by Daniel Tidwell

Rainbows, stars, moons, spaceships, flowers, and hearts are all part of the vibrant visual world of Peter Max. For over forty years Max has been one of the most instantly recognizable artists in the world. His trademark graphic style belies the era of flower power when he honed his style and gained notoriety with his signature graphics, which helped define the style of ’60s pop culture.

Max will bring his bold graphics to the Rymer Gallery in November for a special show of recent paintings and works from throughout his career. The show will feature his paintings inspired by Taylor Swift’s album covers as well as the debut of a new rendition of the Nashville skyline. Max has been named the “official artist of the Grammys” on five separate occasions, so a show in downtown Music City, just a few blocks from the Ryman, is a natural fit.

It’s not the first time that Max has shown in Nashville—the Tennessee State Museum held exhibitions of his work in 1993 and 2007. According to Max, the audiences for his previous shows in Nashville were “three or four times what it would normally be for a show”—a testament to the artist’s popularity in Music City.

Born into a Jewish family that fled Nazi Germany in 1938 when he was one year old, Max’s visual talent was honed at a young age during an eclectic, globe-trekking childhood that included periods of living in Shanghai, Tibet, Israel, Paris, and Brooklyn. According to Max, it was in Shanghai that his artistry first took flight. “My father was a very good draftsman, and he taught me to draw,” says Max.

When I was three my mother hired a nanny whose father was an artist. She came over every day with a stack of paper, and every day for years we would draw. By the time I was six or seven, I could draw anything.

Max’s formative training began when he enrolled in a summer art class at the Art Students League in New York where he studied with Frank J. Reilly, a realist painter, illustrator, and muralist. “Reilly was a great technician,” says Max. “He was a scientist of light and shadow. He would have his students paint the same face forty times in as many types of light or angles as could be imagined.”

Max recalls the experience of seeing other well-known artists at the school, including Norman Rockwell, who was a good friend of Frank Reilly. Max says, “When the summer was over, I decided that I would stay and study art. I fell in love with drawing and painting and realized that what got me going is when I learned composition. A lot of good composition is graphics and how to fill the space of a canvas.” His strong sense of composition served him well as a budding artist, lending his work a “good sense of abstraction” that could inform his realist work.

“When I got out of the Art Students League, I opened a small art studio with my friend Tom Daley,” says Max. The graphic work that Max created during this period in the early ’60s used collage photographic elements to produce a kaleidoscopic effect. Since childhood Max was fascinated by astronomy—so interested in fact that by the time he was 16 he was certain that he would be an astronomer. Max’s long-standing interest in the subject gave rise to his “Cosmic ’60s” period, his classic work that became associated with the counter culture of the era.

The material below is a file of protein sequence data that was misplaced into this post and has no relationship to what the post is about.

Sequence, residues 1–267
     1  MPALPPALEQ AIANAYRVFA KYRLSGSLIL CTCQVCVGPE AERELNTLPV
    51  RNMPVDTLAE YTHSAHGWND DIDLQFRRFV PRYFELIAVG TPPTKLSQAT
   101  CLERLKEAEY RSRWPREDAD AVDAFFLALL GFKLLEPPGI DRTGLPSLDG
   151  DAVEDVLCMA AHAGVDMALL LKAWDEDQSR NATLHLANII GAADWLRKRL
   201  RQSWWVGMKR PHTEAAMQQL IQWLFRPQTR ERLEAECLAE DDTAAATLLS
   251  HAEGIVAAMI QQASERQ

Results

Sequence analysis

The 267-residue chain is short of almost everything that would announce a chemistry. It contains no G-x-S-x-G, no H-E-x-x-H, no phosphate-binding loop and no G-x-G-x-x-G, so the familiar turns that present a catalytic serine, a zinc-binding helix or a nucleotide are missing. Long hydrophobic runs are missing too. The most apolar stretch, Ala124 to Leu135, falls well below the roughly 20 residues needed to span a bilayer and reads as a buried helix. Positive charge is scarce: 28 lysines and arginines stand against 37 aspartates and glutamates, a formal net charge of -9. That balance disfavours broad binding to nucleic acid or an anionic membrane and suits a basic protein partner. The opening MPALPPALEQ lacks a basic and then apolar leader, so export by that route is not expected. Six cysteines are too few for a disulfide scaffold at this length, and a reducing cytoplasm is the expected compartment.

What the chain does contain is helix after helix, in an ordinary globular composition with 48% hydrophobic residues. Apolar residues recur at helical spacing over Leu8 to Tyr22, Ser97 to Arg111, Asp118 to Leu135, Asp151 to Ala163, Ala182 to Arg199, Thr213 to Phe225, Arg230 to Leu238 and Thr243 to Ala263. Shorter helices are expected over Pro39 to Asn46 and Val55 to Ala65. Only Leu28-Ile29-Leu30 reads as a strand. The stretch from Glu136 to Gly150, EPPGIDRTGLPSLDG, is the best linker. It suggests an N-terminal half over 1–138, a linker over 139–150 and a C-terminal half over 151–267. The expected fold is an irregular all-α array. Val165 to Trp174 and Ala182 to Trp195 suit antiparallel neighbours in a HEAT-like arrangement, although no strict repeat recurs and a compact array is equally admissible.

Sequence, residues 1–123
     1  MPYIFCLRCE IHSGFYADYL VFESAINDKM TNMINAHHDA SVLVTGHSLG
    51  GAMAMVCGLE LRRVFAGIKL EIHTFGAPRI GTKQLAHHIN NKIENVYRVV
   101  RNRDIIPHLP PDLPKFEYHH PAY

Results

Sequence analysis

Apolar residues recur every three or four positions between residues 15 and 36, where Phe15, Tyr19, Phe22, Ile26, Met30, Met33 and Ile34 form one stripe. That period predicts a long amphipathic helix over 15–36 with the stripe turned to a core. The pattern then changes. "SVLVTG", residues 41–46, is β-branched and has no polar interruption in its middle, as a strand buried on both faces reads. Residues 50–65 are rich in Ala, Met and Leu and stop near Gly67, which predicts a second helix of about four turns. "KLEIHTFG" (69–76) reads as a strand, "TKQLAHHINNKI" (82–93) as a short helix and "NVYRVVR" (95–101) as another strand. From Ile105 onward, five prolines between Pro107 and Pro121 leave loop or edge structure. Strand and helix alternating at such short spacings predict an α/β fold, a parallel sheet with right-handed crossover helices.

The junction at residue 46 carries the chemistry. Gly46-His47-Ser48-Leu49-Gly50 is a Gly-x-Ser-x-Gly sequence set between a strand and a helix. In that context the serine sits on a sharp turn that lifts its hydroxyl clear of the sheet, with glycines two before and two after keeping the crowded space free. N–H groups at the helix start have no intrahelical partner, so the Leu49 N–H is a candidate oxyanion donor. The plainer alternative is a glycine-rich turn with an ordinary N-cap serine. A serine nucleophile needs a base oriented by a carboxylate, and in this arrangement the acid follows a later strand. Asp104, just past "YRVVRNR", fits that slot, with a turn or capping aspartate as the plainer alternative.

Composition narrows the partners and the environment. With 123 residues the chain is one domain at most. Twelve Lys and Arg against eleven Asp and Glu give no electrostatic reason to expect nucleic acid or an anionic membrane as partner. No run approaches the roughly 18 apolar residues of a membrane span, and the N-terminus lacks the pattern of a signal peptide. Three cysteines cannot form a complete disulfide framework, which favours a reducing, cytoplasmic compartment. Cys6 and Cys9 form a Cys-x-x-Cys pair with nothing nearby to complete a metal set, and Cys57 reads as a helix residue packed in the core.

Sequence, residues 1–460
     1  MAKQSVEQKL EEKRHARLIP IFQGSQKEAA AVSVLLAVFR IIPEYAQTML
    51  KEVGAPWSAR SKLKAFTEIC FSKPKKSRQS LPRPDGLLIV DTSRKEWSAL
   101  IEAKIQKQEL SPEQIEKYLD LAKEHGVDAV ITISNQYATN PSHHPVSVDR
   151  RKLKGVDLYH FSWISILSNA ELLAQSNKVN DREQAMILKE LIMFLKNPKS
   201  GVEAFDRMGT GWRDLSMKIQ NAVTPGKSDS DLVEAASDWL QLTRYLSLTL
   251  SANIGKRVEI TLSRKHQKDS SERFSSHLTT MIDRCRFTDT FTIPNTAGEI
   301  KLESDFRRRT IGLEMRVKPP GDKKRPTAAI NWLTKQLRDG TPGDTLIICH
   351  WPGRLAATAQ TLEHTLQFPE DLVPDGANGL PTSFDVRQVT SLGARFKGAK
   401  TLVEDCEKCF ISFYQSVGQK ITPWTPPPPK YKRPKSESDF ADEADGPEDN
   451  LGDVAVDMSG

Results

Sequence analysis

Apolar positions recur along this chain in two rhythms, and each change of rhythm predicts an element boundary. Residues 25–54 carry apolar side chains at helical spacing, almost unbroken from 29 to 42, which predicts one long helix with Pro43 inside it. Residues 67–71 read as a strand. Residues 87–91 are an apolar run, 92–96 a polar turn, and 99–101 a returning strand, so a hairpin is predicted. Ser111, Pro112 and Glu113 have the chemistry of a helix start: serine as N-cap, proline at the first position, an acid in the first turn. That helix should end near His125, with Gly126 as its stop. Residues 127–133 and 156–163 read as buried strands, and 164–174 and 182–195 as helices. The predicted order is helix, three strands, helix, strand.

His fame and success as a designer exploded in the ’60s through posters, TV commercials, magazine covers, and licensing for merchandise. The role that Max’s ubiquitous posters played in the ’60s has been likened to MTV’s impact on pop culture during the ’80s.

In September 1969, Life magazine featured Max on the cover under the heading: “Peter Max, portrait of the artist as a very rich man.” Max cites that moment as one of the highlights of his life.

Throughout his career Max has continued to capitalize on the commercial opportunities that his work presents, painting pianos, guitars, cars, airplanes and, most recently, designing the artwork for the hull of a Norwegian Cruise Line ship. Max has even ventured into the digital realm, offering two smartphone apps that generate birthday greetings and e-cards.

As Max describes it, his creative process is surprisingly intuitive for such a commercially oriented artist. “I get ten to twenty jars of paint and just go at it,” he says. “Ninety-nine percent of the time I just paint and don’t know what I’m going to paint. It may start as flowers and turn into a landscape.” Max takes a hands-on approach to his work, only using assistants to paint the backgrounds of his images.

I do the actual brush strokes, he says. I invent all the images.

Peter Max’s imagery is an indelible part of the zeitgeist of the ’60s and an instantly recognizable touchstone for the Baby Boom generation. He’s everyman’s Andy Warhol, turning appropriated images into colorful confections that are more at home at the local mall than at MOMA.

His profitable and prolific career continues today with shows across the nation and, as the artist notes, “over 1,000 museums with my work in their collections.” In talking with the artist one can still sense his enthusiasm for visual expression and glean a feeling for what once must have been a true wonder at the possibilities of communication through design. Much of his recent work, however, seems overly calculated, catering to his own market—like a pop version of Thomas Kinkade. There is no doubt that having a lifelong career as an artist is a difficult endeavor, and Max’s enduring success and popularity are a tribute to his ability to reinvent himself over the decades.

Peter Max’s work will be on view at the Rymer Gallery from Friday, November 9, through Sunday, November 18, 2012. Take the opportunity to meet the artist at The Rymer Gallery on November 17, 6-9 pm and on November 18, 1-4.


Are you planning to meet Peter Max when he comes to Nashville?



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